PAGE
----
I went to Chuuk, one of the four administrative divisions of the Federated States of Micronesia in the South Pacific Ocean, to work as a volunteer. I had been offered the 3-month contract through an aid agency which places business volunteers mainly in Asia and North and South Pacific countries for short term assignments lasting from a few weeks to a maximum of six months. I took three months leave without pay from my job and set off.  I settled into a small but comfortable room at the Truk Stop. Next door was the “office” where I worked, occupied by my client, who slept there, one or two staff, and me.

Resources scarcely existed. My employer had a laptop which she loaned me while she went overseas for five weeks, leaving me to figure out what she actually wanted me to do. Not quite what I expected from the job description which specified that all necessary resources would be provided for my work, including a computer and a client who would be present.

Back in Sydney, the job had sounded intriguing. It included training Chuukese women in public relations, holding relevant workshops, producing a newsletter, and initiating various gender awareness campaigns. The reality was quite different. I was led to believe my employer was a women’s network, but in fact it was only one woman who was campaigning to get into Federal politics

Upon her return from various trips my employer’s views about my role constantly changed. Ultimately I had no idea what was required. I could have returned to Australia immediately as the resource criteria had not been met, particularly after a vicious cyclone devastated the island a few weeks into my arrival, causing landslides which flattened many flimsy homes and killed hundreds, including some of my client’s relatives.

The aid agency asked me if I would consider returning to Australia, but I was challenged and involved by then, and wanted to stay. An imminent threat of cholera almost changed my mind but luckily the disease held off. I helped with cyclone relief work, delivering food supplies to the stricken islanders who had pitched tents beside the rubble of their homes, or where they used to stand—now buried under the landslides.

I returned to Australia from Chuuk sad that I had not completed the extent of the work I had hoped, but with potent memories of friendships, a greater understanding of my own and other’s fallibilities, and memories of the special excitement of unexpectedly finding things which meant so little back home—like baked beans and coconut cakes.

P.S. Lyn’s recently published book “Where to Go For a Seven-year Cycle” will be launched at Gleebooks on Saturday 25th of June at 3:30 pm.

Where to Go For a 7 year Cycle is a philosophical, often off the main tourist beat travel book based on the author Lyn Drummond’s seven years travel experiences working mainly in Central and Eastern Europe. The book’s title is based on a Jung philosophy that 7 years of our lives represent a particular cycle and she has just completed such a cycle.

I walked higher than the clouds

23 May

For my whole life, one of my distant dreams has been to visit one of the famed Seven Wonders of the World – Machu Picchu. Never did I imagine that I would be able to tick it off my proverbial bucket list so soon. We started out our journey to the ancient ruins with a very long bus and train ride, leaving home at 6am and arriving just after lunch into Machu Picchu town, Agua Calientes. The town was small and surrounded by mountains and a thundering river flowing behind it. After we checked in, everyone was starving and dispersed around the costly town looking for lunch. Afterward, an endeavour to shop and explore the new place filled us all expectantly. Unfortunately, everyone was disappointed. Everything = touristically overpriced.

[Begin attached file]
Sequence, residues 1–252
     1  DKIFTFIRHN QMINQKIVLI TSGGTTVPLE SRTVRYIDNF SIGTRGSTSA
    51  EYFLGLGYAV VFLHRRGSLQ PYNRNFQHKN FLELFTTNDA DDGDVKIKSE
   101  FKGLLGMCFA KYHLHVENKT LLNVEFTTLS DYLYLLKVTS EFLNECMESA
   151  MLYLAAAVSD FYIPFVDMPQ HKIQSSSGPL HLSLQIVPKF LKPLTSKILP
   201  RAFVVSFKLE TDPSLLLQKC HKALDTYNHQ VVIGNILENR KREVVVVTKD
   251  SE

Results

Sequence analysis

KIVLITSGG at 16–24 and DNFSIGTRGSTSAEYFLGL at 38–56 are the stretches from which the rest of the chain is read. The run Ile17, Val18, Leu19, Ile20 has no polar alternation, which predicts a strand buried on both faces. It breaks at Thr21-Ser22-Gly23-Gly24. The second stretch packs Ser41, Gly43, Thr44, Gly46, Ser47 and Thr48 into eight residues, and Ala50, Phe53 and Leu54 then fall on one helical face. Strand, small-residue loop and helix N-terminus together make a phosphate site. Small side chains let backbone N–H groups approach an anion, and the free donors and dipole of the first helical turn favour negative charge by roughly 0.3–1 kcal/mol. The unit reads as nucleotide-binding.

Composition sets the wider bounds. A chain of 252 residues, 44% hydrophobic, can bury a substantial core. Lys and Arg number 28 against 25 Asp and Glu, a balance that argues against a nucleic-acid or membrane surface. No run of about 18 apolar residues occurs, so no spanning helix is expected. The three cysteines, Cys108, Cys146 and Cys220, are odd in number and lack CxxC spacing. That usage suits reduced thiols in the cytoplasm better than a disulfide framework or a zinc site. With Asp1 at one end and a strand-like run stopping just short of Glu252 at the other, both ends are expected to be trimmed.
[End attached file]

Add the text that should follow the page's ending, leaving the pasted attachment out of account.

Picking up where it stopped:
We enjoyed our day by cafe crawling and playing truth or dare. Then it was dinner then it was bed time because we had to catch the bus at 4:45am. When the early early morning hit, it was still dark and soon time for us to rush to breakfast and embark on our exciting journey. Thankfully we arrived early enough because the line to catch a bus was loooong. When we arrived at Machu Picchu, it was cold and raining with mist everywhere therefore it was difficult to see anything, but the allure of mysteriousness was enticing.

We arrived at the Waynapicchu (the big mountain everyone sees in all the pictures) gate at 7am. The hike started out simple, flat ground with lush sights around us and the weather was still cold. Twenty metres later, the terrain suddenly changed from flat to Incan flat, which is UP. And the rest of the hour long hike, remained that way – vertical. It was a difficult hike, part of me wanted to die at various points but I persevered the rain, cold and heat and eventually made it to the top of the mountain. If there is anything that mountains have taught me is not to underestimate them.

Victory upon reaching the top could not have been sweeter. It was as if God had rewarded me by opening up the clouds and blowing away the mists as our sights were clear. From the top, we could see the Incan ruins, rich verdancy and a stunning rainbow. We were higher than the clouds and it felt good. The accomplishment of the hike and the mere reality of being there was overwhelming. I needed to stop and sit and look around me and smile because that moment was real and will stay with me forever.

On that mountain we took copious amounts of photographs which boasted our location. We were after all at Machu Picchu. Later that day, we explored the ruins with our tour guide, learning the ways of the Incan from building to family and their sacrifices. Then we walked to the Incan Bridge passing chilled out llamas on the way. It was an exhausting day but one of the most rewarding and finest moments of my life and I would not have changed a thing.

It was crazy to compare the breathtaking sights of Machu Picchu that was swarming with tourists and the quiet village of Quilla Huata. I am glad to have experienced both the beauty of Peru and the reality of its country.